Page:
Air Force: Stop-loss No Option for Pilot Shortage

Washington Report

(April 18, 2017) The Air Force will not force pilots to stay in uniform as it deals with a current and looming shortage of pilots. Gen. David L. Goldfein, the Air Force chief of staff, made that clear last week soon after another four-star general put the stop-loss option on the table.

“I want to make it as clear as I possibly can: I am not considering stop-loss,” Goldfein said last week. “It’s a tool in the [defense secretary’s] tool bag to use when we’re in a state of emergency, and we’re not in a state of emergency.”

Goldfein was forced to address the issue days after Gen. Carlton D. Everhart, the commander of Air Mobility Command, told CQ Roll Call that forcing pilots to stay in the service was an option being considered. A story about Everhart’s comments appeared last week in Washington Report.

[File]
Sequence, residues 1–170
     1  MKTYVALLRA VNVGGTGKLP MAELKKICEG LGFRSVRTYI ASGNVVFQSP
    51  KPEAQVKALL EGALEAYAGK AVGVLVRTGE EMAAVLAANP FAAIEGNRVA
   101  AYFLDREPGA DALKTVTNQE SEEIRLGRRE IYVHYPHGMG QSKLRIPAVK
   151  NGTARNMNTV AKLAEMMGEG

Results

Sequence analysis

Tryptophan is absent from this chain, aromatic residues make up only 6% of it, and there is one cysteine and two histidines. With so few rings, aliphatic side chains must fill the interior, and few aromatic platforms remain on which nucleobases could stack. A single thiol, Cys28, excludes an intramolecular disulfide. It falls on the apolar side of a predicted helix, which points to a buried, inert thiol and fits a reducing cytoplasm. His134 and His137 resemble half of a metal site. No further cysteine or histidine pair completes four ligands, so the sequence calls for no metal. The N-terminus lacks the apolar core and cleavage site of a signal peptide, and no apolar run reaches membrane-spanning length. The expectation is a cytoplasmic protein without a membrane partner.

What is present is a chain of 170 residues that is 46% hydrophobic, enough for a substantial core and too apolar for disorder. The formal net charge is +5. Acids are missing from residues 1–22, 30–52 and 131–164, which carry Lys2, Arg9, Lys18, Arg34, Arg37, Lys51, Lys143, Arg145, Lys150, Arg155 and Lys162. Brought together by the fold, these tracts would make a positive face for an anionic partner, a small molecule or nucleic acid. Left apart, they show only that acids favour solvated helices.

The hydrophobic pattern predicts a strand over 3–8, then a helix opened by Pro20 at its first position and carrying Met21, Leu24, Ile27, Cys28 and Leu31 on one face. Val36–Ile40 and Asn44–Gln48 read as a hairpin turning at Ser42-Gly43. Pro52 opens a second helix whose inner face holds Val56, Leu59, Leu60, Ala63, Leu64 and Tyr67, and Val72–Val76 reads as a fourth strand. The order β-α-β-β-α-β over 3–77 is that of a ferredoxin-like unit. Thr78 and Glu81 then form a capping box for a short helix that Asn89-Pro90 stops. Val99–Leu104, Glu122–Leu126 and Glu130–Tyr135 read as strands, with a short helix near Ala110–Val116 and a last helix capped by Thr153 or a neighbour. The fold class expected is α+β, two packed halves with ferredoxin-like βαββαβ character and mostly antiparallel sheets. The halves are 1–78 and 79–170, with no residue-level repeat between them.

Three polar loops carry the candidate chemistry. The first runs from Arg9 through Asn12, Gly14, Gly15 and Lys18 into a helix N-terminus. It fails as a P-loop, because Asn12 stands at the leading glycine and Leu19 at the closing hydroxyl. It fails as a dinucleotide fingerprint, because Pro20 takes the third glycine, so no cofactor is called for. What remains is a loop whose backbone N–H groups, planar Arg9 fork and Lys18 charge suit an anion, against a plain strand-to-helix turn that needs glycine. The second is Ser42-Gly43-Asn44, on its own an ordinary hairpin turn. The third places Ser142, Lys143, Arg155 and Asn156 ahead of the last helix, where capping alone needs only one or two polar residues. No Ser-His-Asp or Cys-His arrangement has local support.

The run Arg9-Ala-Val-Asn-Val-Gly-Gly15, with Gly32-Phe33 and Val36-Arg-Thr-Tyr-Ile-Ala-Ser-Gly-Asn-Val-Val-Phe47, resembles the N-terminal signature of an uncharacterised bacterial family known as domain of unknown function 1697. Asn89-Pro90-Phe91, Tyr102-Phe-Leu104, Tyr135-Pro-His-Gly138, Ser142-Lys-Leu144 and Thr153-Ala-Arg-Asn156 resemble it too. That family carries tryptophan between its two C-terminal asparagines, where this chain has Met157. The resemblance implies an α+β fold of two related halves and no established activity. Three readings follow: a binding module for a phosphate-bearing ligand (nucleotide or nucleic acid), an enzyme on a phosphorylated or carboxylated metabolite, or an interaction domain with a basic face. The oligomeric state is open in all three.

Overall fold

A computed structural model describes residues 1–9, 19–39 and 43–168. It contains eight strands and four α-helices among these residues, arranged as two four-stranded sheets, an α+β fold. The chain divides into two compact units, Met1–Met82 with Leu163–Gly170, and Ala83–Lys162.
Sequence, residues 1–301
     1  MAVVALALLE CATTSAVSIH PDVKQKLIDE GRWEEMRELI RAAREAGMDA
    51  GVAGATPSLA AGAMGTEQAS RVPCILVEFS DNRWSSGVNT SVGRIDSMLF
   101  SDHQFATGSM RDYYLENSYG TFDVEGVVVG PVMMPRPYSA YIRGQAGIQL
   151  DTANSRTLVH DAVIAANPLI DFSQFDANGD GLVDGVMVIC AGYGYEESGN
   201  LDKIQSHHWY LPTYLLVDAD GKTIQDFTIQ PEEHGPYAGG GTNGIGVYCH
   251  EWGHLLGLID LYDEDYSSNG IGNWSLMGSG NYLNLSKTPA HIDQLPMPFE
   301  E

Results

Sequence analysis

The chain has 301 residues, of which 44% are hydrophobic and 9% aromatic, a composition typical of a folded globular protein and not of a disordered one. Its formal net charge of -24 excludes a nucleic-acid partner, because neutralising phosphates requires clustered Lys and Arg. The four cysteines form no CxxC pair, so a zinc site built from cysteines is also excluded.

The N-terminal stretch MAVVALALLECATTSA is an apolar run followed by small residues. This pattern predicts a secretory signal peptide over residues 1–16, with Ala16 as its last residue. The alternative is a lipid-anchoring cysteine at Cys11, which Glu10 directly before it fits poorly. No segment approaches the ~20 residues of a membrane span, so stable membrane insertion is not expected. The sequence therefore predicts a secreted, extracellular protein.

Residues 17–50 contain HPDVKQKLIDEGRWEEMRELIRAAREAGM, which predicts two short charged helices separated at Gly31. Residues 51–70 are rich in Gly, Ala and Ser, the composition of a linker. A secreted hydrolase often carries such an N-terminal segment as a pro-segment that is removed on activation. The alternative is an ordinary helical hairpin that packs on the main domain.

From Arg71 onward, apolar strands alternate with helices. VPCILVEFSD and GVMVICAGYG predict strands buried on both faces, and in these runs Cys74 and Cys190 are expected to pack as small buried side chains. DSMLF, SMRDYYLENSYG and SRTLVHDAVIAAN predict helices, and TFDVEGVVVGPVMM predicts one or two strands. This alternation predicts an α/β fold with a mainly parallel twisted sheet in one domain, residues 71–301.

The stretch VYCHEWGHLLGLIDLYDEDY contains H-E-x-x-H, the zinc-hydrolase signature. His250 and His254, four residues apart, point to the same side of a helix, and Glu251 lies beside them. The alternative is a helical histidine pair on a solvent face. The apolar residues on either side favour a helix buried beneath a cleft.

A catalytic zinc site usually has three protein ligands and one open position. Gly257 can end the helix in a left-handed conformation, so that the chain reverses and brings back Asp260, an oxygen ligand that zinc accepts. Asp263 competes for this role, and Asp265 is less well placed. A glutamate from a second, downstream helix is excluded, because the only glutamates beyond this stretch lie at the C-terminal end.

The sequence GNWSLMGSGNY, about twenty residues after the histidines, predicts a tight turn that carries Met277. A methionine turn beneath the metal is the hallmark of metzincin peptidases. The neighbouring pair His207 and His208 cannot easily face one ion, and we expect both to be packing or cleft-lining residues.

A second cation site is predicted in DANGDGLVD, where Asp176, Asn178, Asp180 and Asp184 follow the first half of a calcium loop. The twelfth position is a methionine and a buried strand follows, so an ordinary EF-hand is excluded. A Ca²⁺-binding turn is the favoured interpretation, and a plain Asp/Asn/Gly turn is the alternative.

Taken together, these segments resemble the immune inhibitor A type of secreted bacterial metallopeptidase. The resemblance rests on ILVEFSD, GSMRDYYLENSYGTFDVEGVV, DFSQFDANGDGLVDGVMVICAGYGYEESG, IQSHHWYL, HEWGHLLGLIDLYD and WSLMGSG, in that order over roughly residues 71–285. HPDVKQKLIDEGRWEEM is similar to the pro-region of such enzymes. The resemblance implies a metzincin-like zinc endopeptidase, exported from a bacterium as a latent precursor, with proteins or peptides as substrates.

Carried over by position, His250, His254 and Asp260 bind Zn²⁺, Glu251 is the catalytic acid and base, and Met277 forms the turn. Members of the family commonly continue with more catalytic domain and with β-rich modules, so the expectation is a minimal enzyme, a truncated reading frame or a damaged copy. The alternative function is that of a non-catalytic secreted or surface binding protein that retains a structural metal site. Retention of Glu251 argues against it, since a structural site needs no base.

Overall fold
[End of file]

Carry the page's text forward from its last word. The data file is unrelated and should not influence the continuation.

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The service is facing a shortfall of more than 1,500 pilots, most of them in the fighter fleet. Many are jumping to the commercial airline industry where openings are many and frequent as its pilots retire. Officials from the service and the airline industry are meeting next month to discuss how to resolve the issue.

The Air Force is offering bonuses up to $35,000 for pilots to extend, but not enough are taking it. Also, pilots face a high operations tempo when they deploy, but are often unable to fly at home because of a lack of training funds.

The service is also losing maintainers, causing aircraft to remain grounded while waiting repairs.

But stop-loss is too drastic for the service to think about. It has been called a “backdoor draft” and harmful to morale.

“The reason I say I am not considering stop-loss is because I’m looking at working with the force right now,” Goldfein said at an event sponsored by the Heritage Foundation. “I’m looking at all the different options that I can use to incentivize the force to stay with us.”